For those who wish additional information and pictures of the TAM project, here is a partial list of publications.
1. [M. Dornheim]. Aviation Week & Space Technology, "Tiny Drone Crosses Atlantic", August 25, 2003, p. 19.
2. Rick Bell, Model Airplane News, "There's no ocean wide enough", December, 2003, p. 170 (Final Approach),
3. Maynard Hill, Model Aviation, "Two Sunsets & Still Flying", January, 2004, p. 18-28. This illustrated article is also available at http://www.modelaircraft.org/mag/mhill/hillindex.htm
4. Rick Bell, Model Airplane News, "Record-Setting Transatlantic Flight", January, 2004, p. 84-88.
5. [M. Dornheim], Aviation Week & Space Technology, "Laurels 2003", February 2, 2004, p. 23.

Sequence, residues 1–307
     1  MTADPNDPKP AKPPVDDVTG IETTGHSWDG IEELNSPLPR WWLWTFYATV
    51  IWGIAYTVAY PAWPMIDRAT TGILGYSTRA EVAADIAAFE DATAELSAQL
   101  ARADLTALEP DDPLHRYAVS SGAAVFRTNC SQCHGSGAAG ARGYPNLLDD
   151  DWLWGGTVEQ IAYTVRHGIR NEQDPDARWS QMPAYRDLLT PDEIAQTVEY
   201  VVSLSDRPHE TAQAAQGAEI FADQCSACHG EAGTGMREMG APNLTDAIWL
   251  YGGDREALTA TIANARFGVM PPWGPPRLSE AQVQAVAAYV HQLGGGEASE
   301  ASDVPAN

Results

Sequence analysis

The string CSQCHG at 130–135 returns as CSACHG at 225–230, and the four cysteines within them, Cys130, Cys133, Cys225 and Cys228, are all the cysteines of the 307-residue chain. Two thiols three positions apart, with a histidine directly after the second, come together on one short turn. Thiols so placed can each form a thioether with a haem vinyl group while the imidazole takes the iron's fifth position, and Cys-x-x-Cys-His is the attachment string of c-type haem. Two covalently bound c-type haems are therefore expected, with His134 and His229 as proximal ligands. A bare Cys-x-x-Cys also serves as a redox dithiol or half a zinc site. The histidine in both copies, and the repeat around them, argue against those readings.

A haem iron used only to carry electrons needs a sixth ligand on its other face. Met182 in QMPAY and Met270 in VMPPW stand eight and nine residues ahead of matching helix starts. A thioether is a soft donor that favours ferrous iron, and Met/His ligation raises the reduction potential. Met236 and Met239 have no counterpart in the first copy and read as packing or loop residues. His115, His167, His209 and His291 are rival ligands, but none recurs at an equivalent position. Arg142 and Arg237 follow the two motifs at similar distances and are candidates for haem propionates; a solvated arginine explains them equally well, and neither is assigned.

6. (Smithsonian) Air & Space, "Big Plans for a Little TAM", March, 2004, p. 80.
7. Popular Science magazine, November, 2003.
We know that other articles have appeared, but do not have citations to them.
There are a number of web pages with information about the TAM project and Maynard Hill. Here is a sampling:
This article contains accurate information.
We consider Wikipedia an excellent concept, since provides an opportunity for knowledgeable people to create accurate entries. Since Wikipedia entries can be edited by virtually anyone, errors are also possible. Eventually, one hopes that the "truth will out."The Wikipedia entry for TAM-5 has been comical at times, with grossly inaccurate statements. For awhile, the entry claimed that TAM-5 was powered by a hybrid system and flew above 10,000 feet!.